Historian Jon Meacham thinks so. Meacham thinks our country has endured terrible times, and come out the better for it. In his opinion piece for the Washington Post, Richard Cohen urges us to pray that Meacham is right — and act as if he isn’t. According to Cohen, here’s the problem we face:
“The wave of populism sweeping parts of Europe — notably Hungary and Poland on the right, and Britain on the left (don’t ask me where Italy fits) — is not new for that continent. Britain succumbed to outlandish socialism before, and Poland and Hungary are returning to the comfort of their pre-war roots as nasty authoritarian regimes. But the United States has no such history.
In fact, the United States has had presidents who succored its soul. FDR told us to fear only “fear itself,” George W. Bush went to a mosque after the 9/11 attacks, and Barack Obama, as Meacham reminds us, broke into “Amazing Grace” after nine black people were massacred in a Charleston, S.C., church in 2015.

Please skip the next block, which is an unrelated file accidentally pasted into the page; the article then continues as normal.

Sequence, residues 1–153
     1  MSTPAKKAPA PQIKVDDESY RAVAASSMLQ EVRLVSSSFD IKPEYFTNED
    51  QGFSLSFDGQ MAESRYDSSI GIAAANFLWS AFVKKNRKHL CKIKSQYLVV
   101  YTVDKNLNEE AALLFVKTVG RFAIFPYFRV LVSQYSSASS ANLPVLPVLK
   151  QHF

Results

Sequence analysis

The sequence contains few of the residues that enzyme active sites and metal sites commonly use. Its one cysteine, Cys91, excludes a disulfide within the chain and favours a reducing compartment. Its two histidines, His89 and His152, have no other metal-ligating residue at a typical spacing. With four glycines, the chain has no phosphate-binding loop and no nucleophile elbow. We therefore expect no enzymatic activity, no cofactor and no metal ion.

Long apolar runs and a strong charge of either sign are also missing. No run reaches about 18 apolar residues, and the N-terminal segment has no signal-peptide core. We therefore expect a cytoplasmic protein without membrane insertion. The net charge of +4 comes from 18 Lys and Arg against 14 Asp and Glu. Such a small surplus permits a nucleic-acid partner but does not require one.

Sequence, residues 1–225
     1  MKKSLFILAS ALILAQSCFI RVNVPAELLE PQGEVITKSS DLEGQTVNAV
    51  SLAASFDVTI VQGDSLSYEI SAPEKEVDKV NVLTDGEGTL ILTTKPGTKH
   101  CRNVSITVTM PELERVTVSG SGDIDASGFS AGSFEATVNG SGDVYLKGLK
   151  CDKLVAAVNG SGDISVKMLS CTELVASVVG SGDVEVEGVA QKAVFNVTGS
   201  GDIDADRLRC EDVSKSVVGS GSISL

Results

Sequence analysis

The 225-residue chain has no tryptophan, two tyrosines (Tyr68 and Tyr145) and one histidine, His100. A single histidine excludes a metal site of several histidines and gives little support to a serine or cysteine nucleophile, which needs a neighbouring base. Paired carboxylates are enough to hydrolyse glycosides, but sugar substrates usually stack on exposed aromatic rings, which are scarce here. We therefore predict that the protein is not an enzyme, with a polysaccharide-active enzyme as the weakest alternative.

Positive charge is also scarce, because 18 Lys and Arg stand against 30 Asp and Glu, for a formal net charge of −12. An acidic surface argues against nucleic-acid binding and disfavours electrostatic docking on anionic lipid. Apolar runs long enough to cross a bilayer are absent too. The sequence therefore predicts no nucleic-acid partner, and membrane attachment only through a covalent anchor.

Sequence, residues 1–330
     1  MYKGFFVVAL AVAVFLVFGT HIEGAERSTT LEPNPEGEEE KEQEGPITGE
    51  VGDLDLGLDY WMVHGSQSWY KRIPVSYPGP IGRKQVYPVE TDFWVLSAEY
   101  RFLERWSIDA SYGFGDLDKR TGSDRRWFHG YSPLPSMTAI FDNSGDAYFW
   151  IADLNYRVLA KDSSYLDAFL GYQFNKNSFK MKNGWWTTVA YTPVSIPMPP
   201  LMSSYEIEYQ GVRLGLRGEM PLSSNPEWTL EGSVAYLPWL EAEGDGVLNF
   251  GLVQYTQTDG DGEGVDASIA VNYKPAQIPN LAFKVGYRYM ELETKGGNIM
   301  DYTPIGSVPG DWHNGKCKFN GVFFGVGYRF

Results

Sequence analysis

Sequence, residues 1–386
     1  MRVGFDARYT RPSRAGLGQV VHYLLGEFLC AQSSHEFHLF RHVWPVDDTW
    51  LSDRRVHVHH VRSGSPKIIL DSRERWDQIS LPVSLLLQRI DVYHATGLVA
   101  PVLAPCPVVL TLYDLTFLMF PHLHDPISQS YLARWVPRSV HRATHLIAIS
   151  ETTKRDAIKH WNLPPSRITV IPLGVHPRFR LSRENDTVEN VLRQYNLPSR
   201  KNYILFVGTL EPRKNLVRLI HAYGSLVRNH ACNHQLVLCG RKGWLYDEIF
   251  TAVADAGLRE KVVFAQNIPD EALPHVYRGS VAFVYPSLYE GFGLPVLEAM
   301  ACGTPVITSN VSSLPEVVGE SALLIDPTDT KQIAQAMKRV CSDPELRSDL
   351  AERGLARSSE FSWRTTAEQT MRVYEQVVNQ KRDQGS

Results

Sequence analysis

Now, in stark contrast, we have a president whose rhetoric is ugly and divisive, who is appallingly not appalled by white racists and whose whims go unchecked by important figures in his own party. He does not summon Lincoln’s “better angels of our nature” but instead stokes unreasonable fear of immigrants, of change, of diversity, of government and of the press.”
We are not even halfway through a Trump presidency, and look where we are. Trump can’t even host a winning football team without making it an occasion of rancor and partisanship.
We have a long way to go before it’s even possible to dream of things turning around.